“It's been amazing to share in this and have so many people come out and tell their stories,” she said.
She said a girl she met in Blind River named Samantha, prior to her arrival in Sudbury, told her she was on a waiting list and would not be able to see a psychiatrist until 2015.
“That's the reality of what is available for help for a lot of people,” Hughes said.
Hughes said mental health awareness has come a long way in Canada over the past few years, but more needs to be done to reduce stigma and provided services for many who still suffer in silence.
She arrived in Sudbury on the 106th day of her tour, and will conclude the journey in Ottawa on Canada Day.
Her presentation at the United Steelworkers Hall Friday night also helped raise funds for the Northern Initiative for Social Action (NISA), a local service that helps people with mental health issues develop their occupational skills.
Ticket sales for a dinner prior to Hughes talk raised $65,000. Organizers said they expected an auction and additional donations to raise an another $20,000 to help pay for a larger space.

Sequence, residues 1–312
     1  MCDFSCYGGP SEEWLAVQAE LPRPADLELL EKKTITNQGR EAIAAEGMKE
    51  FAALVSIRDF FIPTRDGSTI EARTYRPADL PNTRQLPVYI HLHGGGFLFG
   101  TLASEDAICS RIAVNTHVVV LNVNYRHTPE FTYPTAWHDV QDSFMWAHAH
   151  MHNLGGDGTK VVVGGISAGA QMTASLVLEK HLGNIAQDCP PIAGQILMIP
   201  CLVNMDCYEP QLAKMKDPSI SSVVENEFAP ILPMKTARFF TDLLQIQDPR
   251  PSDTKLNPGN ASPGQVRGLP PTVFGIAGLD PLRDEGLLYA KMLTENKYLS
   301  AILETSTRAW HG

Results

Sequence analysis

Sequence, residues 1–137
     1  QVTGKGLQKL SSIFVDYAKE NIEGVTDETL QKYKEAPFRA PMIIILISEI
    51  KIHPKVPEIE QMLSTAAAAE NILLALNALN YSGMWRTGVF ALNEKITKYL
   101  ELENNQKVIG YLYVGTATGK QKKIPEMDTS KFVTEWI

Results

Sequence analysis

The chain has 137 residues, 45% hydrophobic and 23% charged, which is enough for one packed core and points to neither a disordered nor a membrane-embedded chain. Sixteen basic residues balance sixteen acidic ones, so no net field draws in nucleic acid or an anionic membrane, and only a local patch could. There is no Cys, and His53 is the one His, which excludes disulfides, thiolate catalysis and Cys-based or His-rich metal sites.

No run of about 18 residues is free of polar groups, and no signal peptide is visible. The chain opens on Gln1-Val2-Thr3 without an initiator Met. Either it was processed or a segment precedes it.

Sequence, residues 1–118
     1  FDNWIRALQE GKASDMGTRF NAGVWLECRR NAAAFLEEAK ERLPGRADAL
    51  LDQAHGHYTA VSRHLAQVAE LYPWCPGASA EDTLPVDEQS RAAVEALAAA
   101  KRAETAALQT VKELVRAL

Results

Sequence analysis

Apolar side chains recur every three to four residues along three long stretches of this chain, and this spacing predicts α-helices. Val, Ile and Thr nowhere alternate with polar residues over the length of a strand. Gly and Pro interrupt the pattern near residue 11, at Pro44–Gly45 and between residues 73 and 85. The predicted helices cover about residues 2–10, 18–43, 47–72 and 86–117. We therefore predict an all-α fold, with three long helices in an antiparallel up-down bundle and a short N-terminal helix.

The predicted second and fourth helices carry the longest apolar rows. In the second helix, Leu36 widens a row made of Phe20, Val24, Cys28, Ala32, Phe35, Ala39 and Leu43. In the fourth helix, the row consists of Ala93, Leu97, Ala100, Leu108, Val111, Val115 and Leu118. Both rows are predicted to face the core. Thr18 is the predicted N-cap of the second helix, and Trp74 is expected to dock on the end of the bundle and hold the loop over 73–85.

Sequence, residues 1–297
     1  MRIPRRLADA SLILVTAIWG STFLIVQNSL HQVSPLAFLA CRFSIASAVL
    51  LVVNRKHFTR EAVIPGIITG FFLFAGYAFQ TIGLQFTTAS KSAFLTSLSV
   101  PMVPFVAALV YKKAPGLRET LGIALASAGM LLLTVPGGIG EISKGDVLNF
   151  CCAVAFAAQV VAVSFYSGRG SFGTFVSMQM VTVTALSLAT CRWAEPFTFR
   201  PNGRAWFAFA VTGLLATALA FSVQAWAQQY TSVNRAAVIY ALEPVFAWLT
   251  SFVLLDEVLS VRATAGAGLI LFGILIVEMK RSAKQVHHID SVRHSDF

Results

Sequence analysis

NISA member Terry Fullager said the organization changed her life.
“I've gained more through NISA than I have in years of therapy and psychiatry work,” she said.
Fullager grew up in an abusive household, and first tried to commit suicide when she was eight years old. She tried to end her life again when she was 11.
It was not until she was in her twenties, she said, that she realized the psychological damage her upbringing had caused, and started to seek help.
“A lot of people who suffer mental illness do come from pasts where abuses of all sorts are present,” she said.
Fullager said NISA gave her a sense of belonging, and the support workers there, who all have lived experience with mental illness, encouraged her creativity.
Now she is on track to become a peer support worker and help others recover from mental illness.
The funds raised Friday will help NISA move to a 9,000-square-foot location at 36 Elgin St. in downtown Sudbury, where peer support workers will be able to offer more programs that teach basic life skills such as cooking and nutrition, sewing and writing.